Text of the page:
Editor’s note: This is the fifth of an 11-part series on Buddhism.
Just as the West had a scholastic period during which theologians argued about how many angels could dance on the head of a pin, so Buddhism had a scholastic period in which practice yielded to philosophical speculation whose conclusions are preserved in Abidharma literature. While the West pursued the nature of matter downward from bodies, to organs, cells, molecules, atoms, electrons, quarks, strings, superstrings, vacuum fluctuations and finally, the Big Bang, Buddhist scholastics plumbed the nature of selfhood downward from persons, through skandas, to ayatanas, dhatus, dharmas and finally, to svabhava, which was rock bottom. Svabhava was a permanent substance or essence at the foundation of the self. In other words, it violated the Buddhist idea of impermanence or change (anitya) and functioned like the Hindu Atman to support the idea of separate selfhood as real and to buttress egoism, the very ideas that the Buddha had worked so hard to overthrow. What was needed was a second Buddha to undermine this new form of permanent, separate selfhood.
Enter Nagarjuna, a second century C.E. monk and legendary wizard, who practiced a philosophical analysis somewhat similar to the Deconstructionism of the post-modern West. It aimed to undermine speculation and encourage a return to practicing self-transformation. Nagarjuna's sledgehammer against the scholastics was the concept of emptiness (sunyata), which he applied not just to notions of selfhood but to all of reality. Emptiness, which he identifies with the Buddha's dependent co-origination (pratityasamutpada), involves three claims: (1) all realities are empty of svabhava (they are not permanent, they change), (2) all realities are conditioned or originated by causes (hence, not independent), and (3) all concepts are relationally-defined.
One of the topics Nagarjuna analyzes is time. Typically, we use the terms “past,” “present,” and “future” to explain time. Clearly, these words are distinct; they neither look nor sound alike. If we use the understanding of language as comprised of separate, independent words as a clue to the nature of reality (time, for example) they describe, then past, present, and future are also separate realities, each having a fixed essence (svabhava). Yet, that result halts the flow of time. If the present is permanent, then it cannot change in order to turn into the past. The future cannot alter itself to become the present. Time stops completely, and that flies in the face of experience.
For Nagarjuna, however, time concepts are empty, that is, relationally defined. We say that the present is what comes after the past and before the future. Indeed, to define any one of these common time terms, we appeal (either explicitly or tacitly) for help from the other two. The meaning of the terms is, then, interdependent. Each relies on a wider context of meaning that includes all three. Consider also that to define a term amounts to replacing it with a string of other words (“Justice” means “giving a person his or her due.”) The meaning of “justice” depends on the meaning of seven other words. Yet, the seven defining terms, in turn, have to be defined in the very same way, and so on. Arriving at a fixed definition never really occurs; it is always postponed. But if that view of language is used as a clue to the reality of time, then past, present, and future are interdependent and are causally conditioning each other. In that case, time can flow, as experience suggests.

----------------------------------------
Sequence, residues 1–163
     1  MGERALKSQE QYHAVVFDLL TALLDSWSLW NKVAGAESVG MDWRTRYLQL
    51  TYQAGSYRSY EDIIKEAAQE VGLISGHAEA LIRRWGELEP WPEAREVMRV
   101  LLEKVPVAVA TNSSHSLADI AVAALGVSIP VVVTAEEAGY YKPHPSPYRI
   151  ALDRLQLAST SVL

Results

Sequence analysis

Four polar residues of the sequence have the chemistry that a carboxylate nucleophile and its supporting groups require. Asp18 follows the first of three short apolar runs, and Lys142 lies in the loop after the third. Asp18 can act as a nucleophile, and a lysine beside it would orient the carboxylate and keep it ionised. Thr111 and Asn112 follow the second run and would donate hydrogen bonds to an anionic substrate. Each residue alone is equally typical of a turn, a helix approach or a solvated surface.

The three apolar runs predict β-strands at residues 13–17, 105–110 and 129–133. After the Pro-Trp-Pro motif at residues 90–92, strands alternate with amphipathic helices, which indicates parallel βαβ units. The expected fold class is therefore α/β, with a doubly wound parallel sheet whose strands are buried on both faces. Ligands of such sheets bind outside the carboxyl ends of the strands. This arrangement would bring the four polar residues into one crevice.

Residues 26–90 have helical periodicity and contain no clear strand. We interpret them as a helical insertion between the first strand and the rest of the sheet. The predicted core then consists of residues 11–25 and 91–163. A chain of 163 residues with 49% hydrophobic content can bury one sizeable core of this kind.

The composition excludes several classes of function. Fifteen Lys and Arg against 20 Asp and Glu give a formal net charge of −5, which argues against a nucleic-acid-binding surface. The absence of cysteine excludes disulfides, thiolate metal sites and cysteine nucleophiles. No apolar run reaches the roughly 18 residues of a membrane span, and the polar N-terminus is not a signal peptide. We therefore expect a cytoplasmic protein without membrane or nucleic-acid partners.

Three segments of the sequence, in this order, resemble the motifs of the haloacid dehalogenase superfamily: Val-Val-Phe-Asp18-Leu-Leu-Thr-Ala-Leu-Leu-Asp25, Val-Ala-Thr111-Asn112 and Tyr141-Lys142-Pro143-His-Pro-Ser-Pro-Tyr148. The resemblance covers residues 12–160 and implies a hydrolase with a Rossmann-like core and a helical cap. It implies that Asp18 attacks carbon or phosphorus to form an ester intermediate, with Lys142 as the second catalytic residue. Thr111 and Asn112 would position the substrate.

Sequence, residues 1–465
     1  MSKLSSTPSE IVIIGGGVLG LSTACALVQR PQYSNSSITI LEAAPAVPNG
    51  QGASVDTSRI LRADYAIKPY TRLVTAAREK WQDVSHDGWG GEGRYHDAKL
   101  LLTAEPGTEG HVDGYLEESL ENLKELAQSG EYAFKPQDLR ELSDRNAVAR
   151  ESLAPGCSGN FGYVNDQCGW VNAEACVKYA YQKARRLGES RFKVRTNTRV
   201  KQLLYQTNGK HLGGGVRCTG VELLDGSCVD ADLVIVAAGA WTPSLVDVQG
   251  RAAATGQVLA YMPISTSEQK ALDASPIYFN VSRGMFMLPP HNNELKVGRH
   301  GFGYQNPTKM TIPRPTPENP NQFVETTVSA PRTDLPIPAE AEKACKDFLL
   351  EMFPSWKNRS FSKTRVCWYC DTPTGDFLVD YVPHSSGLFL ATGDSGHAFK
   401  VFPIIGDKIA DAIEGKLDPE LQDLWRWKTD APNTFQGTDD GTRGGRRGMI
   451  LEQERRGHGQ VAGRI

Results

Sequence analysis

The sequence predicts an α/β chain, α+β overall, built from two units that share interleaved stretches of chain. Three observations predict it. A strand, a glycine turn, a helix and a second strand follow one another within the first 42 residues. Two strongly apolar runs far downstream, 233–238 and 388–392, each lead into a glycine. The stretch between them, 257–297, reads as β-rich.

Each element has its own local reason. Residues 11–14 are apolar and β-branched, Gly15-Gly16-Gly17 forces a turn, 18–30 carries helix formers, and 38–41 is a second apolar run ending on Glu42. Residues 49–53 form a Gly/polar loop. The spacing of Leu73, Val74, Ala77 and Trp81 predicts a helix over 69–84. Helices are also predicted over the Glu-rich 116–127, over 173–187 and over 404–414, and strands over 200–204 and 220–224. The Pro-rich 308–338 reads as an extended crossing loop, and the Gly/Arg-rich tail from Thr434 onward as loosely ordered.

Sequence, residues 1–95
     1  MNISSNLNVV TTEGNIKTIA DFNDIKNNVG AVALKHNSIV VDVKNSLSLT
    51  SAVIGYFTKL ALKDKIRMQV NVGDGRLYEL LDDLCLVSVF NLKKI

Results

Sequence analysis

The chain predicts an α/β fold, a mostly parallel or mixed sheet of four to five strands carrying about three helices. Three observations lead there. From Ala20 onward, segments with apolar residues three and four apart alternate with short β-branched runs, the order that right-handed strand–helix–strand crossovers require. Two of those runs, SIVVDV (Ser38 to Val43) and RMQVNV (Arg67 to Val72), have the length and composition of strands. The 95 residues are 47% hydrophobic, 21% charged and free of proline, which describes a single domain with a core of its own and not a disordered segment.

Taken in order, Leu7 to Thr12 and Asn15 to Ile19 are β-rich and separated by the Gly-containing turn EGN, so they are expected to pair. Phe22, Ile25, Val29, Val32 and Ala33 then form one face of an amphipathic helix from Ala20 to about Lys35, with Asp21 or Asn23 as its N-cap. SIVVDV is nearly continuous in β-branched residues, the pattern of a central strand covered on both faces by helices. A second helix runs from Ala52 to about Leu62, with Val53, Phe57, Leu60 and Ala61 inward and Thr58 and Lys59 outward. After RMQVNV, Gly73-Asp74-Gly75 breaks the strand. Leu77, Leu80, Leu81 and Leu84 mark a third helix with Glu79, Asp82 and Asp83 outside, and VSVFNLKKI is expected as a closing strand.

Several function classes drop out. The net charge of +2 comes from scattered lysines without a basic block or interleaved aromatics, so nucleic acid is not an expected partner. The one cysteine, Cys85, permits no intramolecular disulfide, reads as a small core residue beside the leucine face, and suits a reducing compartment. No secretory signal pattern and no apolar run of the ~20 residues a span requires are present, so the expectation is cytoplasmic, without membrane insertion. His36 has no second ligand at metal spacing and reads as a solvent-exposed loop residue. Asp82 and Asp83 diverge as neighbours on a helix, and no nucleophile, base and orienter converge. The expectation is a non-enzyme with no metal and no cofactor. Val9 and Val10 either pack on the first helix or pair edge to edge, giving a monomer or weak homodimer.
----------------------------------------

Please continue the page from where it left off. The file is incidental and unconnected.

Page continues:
Nagarjuna goes on to perform a similar analysis of the terms “cause” and “effect,” which are important in the understanding of karma. Most importantly, applied to the concept of selfhood, emptiness shows that selves are not independent but interdependent. Again, this outcome undermines the notion of separate selfhood, which underlies egoistic desire and amounts to a critique of Theravada's ideal of the arhat, the person who claims to win nirvana for himself alone by his own efforts alone.
The Mahayana view of the self is not significantly different from that proposed by psychoanalyst Eric Erikson, who is famous for his idea of the identity crisis and the eight stages of the life-cycle. Each of us, he says, consists of the ongoing interaction of three processes (analogous to the Buddha's skandas or five processes): a biological process, a psychological process, and a socio-cultural process. Each of these processes (separated only in abstract thought) influences the other two and is influenced by them (like the Buddha's dependent co-origination and Nagarjuna's emptiness). A self is created as it lives through eight dynamic stages, each of which poses its special challenges in the context of a widening circle of persons and institutions and a growing set of skills and virtues.
Such a view implies that, fundamentally, we are all part of a social web or ecological network, an insight that gives rise to compassion for others. We are, in part, others, and they are, in part, us.
Of course, the Four Noble Truths, the Eightfold Path, and even the concept of emptiness itself are themselves, as Nagarjuna admits, empty. Buddhism says, however, that they are part of the raft to get us across the river of life. When one reaches the shore of Nirvana, one does not pick up the raft and carry it overland. One leaves it at the river's edge. Emptiness is but a tool.
Milton Scarborough is emeritus professor of philosophy and religion at Centre College.